Monday, January 24, 2005

What's coming for school choice --

Posted by Craig Westover | 8:25 PM |  

This note from Elizabeth Mische executive director of the Partnership for Choice in Education.


I took a look at some of the comments on your site, and want to offer this information for your readers -- There IS life in the school choice movement, even this session – or, especially this session, it being the Budget Year.

We expect to see these bills introduced:

1)Restoration of the low-income Education Tax Credit to 100% of qualifying costs, with the family cap removed, the “slope” eliminated, an inflation adjustment in income eligibility and addition of tuition as a qualified expense.

2)A tax credit for individual filers who contribute to student tuition-granting organizations (scholarships) for low-income kids – this probably at 50% of contribution for up to $1K per return.

3)An access grant for low-income kids enrolled in district schools, who wish to take the state portion of funding to a school of choice -- private or parochial.

4)Special education – changes that require public school districts to show a compelling reason for de-mainstreaming special education students children enrolled in private and parochial schools.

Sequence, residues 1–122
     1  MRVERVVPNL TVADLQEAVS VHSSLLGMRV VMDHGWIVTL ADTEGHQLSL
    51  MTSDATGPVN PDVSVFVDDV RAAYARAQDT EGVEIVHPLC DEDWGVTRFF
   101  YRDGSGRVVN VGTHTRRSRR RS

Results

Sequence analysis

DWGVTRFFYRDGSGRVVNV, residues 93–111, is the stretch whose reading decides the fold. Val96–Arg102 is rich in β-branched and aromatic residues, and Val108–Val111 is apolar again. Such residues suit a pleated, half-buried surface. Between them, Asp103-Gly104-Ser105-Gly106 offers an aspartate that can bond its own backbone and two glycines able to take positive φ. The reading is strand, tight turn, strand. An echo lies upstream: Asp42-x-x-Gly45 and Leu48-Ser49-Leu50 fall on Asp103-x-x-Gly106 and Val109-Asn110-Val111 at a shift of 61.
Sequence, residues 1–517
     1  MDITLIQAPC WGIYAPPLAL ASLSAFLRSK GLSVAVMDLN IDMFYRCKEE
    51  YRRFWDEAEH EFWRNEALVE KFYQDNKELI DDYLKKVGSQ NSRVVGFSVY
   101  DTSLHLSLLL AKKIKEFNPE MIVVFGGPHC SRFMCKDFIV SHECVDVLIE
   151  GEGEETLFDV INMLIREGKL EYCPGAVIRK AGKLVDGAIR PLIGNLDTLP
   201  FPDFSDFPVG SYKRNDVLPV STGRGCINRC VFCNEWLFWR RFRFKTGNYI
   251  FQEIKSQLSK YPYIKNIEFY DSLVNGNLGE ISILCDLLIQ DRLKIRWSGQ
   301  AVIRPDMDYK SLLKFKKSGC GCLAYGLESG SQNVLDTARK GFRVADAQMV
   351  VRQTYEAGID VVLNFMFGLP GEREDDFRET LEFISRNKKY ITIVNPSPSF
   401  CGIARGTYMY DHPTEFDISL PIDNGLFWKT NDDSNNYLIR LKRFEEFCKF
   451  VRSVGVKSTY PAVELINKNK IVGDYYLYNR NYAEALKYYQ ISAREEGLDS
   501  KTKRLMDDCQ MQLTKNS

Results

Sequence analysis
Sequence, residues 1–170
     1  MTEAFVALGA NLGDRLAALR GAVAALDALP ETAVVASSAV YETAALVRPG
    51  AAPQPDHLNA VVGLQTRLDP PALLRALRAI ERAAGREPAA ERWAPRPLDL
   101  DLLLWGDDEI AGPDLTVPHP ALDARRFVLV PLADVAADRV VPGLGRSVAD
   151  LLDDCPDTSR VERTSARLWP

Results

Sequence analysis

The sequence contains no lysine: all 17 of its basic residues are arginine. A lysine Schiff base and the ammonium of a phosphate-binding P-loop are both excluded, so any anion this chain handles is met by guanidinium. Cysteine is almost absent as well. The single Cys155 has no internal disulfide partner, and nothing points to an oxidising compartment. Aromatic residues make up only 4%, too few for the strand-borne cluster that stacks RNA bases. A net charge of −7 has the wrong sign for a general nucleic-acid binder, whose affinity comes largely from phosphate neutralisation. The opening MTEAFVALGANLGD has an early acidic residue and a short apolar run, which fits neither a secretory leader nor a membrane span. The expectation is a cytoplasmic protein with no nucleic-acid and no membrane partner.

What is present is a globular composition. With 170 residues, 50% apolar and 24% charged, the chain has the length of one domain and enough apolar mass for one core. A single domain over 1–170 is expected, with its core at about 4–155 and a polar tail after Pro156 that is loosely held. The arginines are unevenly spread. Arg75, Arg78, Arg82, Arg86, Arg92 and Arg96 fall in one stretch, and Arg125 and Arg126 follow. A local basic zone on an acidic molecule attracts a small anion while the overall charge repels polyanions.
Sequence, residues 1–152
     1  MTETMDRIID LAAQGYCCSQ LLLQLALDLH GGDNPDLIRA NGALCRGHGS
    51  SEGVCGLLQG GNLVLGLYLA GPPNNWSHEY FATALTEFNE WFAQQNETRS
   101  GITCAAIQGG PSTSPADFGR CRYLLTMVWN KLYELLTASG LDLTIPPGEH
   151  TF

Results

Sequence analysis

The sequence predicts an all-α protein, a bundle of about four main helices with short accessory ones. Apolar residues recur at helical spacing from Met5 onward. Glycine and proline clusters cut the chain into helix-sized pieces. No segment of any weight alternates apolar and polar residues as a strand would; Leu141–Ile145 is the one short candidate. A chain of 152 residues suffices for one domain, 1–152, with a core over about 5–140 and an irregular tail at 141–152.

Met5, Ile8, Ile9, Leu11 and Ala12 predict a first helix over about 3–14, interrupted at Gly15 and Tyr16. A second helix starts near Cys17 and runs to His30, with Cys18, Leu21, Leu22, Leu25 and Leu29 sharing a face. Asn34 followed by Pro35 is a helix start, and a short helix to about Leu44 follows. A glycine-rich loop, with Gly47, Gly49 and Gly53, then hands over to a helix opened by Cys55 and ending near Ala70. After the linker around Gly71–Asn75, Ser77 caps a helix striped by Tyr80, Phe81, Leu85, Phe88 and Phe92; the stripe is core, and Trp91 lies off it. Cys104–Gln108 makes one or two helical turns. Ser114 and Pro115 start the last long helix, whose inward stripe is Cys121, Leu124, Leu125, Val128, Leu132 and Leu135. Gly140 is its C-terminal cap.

People interested in expanding access to school choice beyond the well-to-do can contact the Governor’s office, the Senate and House majority and minority leaders, the Chairs of education committees in both bodies – and their local representatives.

Education reform won’t be easy to achieve. The DFL is confident that its constituents would rather tolerate the status quo than yield an inch of teachers union turf; the GOP isn’t sure they can act out of sincerely altruistic motives without being pilloried by the NEAT and PUPS people – whose “non-partisan” efforts are supported, in my home city of Saint Paul, by the superintendent’s office.
I understand that there is also legislation brewing to disallow school districts from supporting political campaigns such as NEAT and PUPS with public funds. Imagine: parents who like the status quo schools for their kids, demanding that other people leave their children (and their per-pupil unit funding) in those schools in order to subsidize their own tastes in education. So much for public education as an engine of democracy and liberty.
UPDATE from Tom Swift: As Tom wrote me, these should be some "fun" upcoming events. (Note the Sponsors.)

Education Funding: History and Outlook
7 - 8:30 p.m. Monday, January 24, 2005
Rondo Education Center
560 Concordia Ave. (Concordia Avenue and Dale Street)
St. Paul, MN
Speaker: Mary Cecconi, state director, Parents United Network
(Co-sponsors: SPPS and NEAT)

Advocacy 101: Making A Difference
7 - 8:30 p.m. Tuesday, February 8, 2005
Central High School Auditorium
275 N. Lexington Parkway (Lexington Parkway and Marshall Avenue)
St. Paul, MN
Speakers: Mary Gilbert and Linda Sandvig, SPPS Legislative Liaisons
Lois Rockney, Executive Director, SPPS Business and Financial Affairs
(Co-sponsors: SPPS and NEAT)

If you're interested in how the other have wants everyone to live, leave a note in the comments or drop an email to me or Tom Swift over at Pair O' Dice.